Leaving Freshwater presented some difficulties. First, as we pulled the caravan out onto the street the power cable pulled out of the back of the car and had to be lengthened (a few days before I had shortened it to what we believed to be the correct length), then, a block from our house-sit we realised we did not have the towing mirrors on and could not remember where we had stowed them. Back we went. The towing mirrors, however, were soon located, installed, and around midday, after five months in Cairns we resumed life on the road.
The route west of Cairns to Mareeba on the Kennedy Highway was, of course, very familiar now. Stopping for lunch in Mareeba made sense, but somehow was a let down as we had only been travelling for an hour. The country west of Mareeba on the Burke Development Road was all new to us and we looked around with interest as we drove up onto the height of land on the Great Dividing Range (just over 500 metres) at the rolling hills, sporadic rock outcrops and eucalpyptus forests. Farmland soon gave way to ranching country. The settlements out this way are small, although Dinbulah, with a few shops and a post office was bigger than I expected. West of Lappa, near the old Mountain Maid Mine, we found a gravel road and pulled off into a camping spot by a small watercourse under eucalpytus trees and went walking along the gravel road as far as the Sunny Mountain Station. The setting sun coloured the forest purple and pink, and, after living in suburbia for five months, the solitude was delightful. Unfortunately, the hand pump, which, unbeknownst to us, had clogged with salt deposits during our stay in Cairns broke.
Next morning, we drove into Chillagoe, population 310, which is spread around a few blocks either side of Queen Street and called in at “The Hub” an information centre with way too much interpretive information. I paid 10 cents for a town map and had to endure the spiel complete with scribbling pen marks (no highlighter!) from the retired gent behind the counter. We pulled into the Chillagoe Tourist Village (CTV) – a reasonable enough caravan park, although “village” might be hyperbolic – had breakfast and made a packed lunch.
West of Chillagoe, on a good gravel road, is the Mungana Section of Chillagoe National Park. Here there are some fairly recent aboriginal paintings under a small overhang and also The Arches cave. Back in the early days of settlement, aborigines who were not working for white land-owners were rounded up and shipped off to either Palm Island or Yarrabah – little wonder a century later there was rioting on Palm Island.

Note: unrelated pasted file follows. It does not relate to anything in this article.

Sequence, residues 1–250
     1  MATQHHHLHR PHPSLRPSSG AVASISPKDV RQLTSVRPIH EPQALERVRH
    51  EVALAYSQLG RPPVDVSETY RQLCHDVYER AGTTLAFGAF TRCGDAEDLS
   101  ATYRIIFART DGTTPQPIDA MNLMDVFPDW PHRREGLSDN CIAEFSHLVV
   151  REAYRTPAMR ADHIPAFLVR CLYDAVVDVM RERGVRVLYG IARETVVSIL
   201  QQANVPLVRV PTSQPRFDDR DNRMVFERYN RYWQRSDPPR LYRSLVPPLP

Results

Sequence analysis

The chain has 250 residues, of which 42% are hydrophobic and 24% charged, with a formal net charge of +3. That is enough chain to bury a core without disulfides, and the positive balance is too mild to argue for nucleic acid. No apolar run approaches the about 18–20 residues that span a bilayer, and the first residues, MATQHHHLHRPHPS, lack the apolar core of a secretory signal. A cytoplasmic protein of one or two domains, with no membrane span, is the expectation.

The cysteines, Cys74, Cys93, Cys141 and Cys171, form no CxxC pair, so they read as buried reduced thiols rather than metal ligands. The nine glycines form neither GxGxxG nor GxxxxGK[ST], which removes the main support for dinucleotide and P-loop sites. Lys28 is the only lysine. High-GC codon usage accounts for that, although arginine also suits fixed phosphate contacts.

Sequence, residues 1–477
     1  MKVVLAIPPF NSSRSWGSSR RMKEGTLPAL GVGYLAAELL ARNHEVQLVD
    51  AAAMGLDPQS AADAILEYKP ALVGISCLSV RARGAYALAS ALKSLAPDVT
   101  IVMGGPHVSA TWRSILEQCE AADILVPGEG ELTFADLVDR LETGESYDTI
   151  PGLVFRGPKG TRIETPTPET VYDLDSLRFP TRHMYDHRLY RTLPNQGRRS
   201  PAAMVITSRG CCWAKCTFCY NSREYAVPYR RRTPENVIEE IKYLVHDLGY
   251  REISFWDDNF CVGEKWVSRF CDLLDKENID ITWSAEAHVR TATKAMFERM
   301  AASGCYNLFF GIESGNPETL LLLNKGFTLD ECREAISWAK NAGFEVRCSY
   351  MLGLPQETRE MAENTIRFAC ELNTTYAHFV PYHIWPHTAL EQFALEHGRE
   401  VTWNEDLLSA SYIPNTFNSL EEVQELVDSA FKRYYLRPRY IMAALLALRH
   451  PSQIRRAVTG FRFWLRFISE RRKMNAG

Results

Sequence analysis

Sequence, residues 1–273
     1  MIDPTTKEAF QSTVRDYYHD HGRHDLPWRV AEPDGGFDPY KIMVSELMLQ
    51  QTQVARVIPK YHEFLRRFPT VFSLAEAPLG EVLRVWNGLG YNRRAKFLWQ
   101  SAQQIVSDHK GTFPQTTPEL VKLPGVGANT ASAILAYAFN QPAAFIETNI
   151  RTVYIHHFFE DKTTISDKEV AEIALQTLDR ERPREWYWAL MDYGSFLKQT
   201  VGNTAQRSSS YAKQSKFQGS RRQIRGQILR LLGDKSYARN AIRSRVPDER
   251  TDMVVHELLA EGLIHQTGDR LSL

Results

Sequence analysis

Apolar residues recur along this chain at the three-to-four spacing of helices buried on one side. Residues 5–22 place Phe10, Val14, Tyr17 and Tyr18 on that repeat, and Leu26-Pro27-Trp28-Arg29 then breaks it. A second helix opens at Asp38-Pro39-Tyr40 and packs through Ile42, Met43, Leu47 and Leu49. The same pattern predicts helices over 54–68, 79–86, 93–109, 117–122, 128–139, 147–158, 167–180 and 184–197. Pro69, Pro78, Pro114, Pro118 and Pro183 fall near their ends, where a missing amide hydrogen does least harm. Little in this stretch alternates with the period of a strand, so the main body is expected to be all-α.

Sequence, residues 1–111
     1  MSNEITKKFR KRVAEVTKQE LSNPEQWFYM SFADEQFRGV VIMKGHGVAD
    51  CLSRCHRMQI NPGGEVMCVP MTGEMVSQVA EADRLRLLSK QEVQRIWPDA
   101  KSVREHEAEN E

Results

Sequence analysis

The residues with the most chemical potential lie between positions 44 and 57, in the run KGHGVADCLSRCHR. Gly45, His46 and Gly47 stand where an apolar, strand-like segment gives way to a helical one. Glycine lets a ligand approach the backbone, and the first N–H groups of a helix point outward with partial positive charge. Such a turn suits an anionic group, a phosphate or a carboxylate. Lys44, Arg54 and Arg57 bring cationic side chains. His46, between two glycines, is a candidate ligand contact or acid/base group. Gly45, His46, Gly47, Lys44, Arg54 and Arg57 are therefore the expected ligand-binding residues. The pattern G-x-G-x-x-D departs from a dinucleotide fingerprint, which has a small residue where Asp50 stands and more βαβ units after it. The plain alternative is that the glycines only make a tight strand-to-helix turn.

Fig Tree at The Arches
Walking around The Arches cave site – a tall limestone cave that you enter at ground-level and which has many different chambers, most open to the sky with fig trees and satin ash sprouting up – all I could think about was how great it would be to get our Hilti drill out of storage and put up a bunch of climbing routes. The limestone is reminiscent of the Black and Tan Wall at St George in Utah, and supremely grippy.
On the way back to town, we stopped at another big cave by the road side and I identified more new routes. Near town, the old smelter site is a “tourist attraction” complete with “Slag Heap Lookout” - I have a picture to prove it. The view from the old mine Superintendent's home site is actually quite lovely, looking out over the lightly forested Walsh Creek Valley with The Featherbed Range behind.
Slag Heap Lookout
We also drove down to parking area for two “tourist” caves and two “self-explore caves.” Getting into the Bauhinia Cave is via a slippery down climb, and, once down there, you can scramble and crawl around in the dark among some interlocking tunnels and caverns. Pompeii Cave has an easy downclimb to get in and has only a couple of short tunnels. You can walk along to Balancing Rock from the parking lot where there is potential for yet more new routes!
Grippy Chillagoe Limestone
Our second morning in Chillagoe, I drove down to Royal Arches Cave and walked back to CTV via a couple of different trails. Bizarrely enough, the hiking trail between Royal Arches and Balancing Rock was closed due to “wet weather.” Yeah, the grass was wet, what a hazard! I did some bouldering on the way home, but, it was hard to find any bouldering problems that were just the right degree of difficulty. All the ones I did were way too easy.
From Chillagoe, we had to drive right back to Mareeba as we didn't feel confident taking the caravan down the Petford to Herberton Road, particularly after all the recent rain. At Herberton, we tried to find a spot in the bush to camp for free, but the whole area is heavily populated and we ended up at the caravan park in Herberton. In order to prevent any further rain, we put up our new tarp over the door of the caravan, and, no sooner had Doug fixed the broken hand pump, than our water tap broke.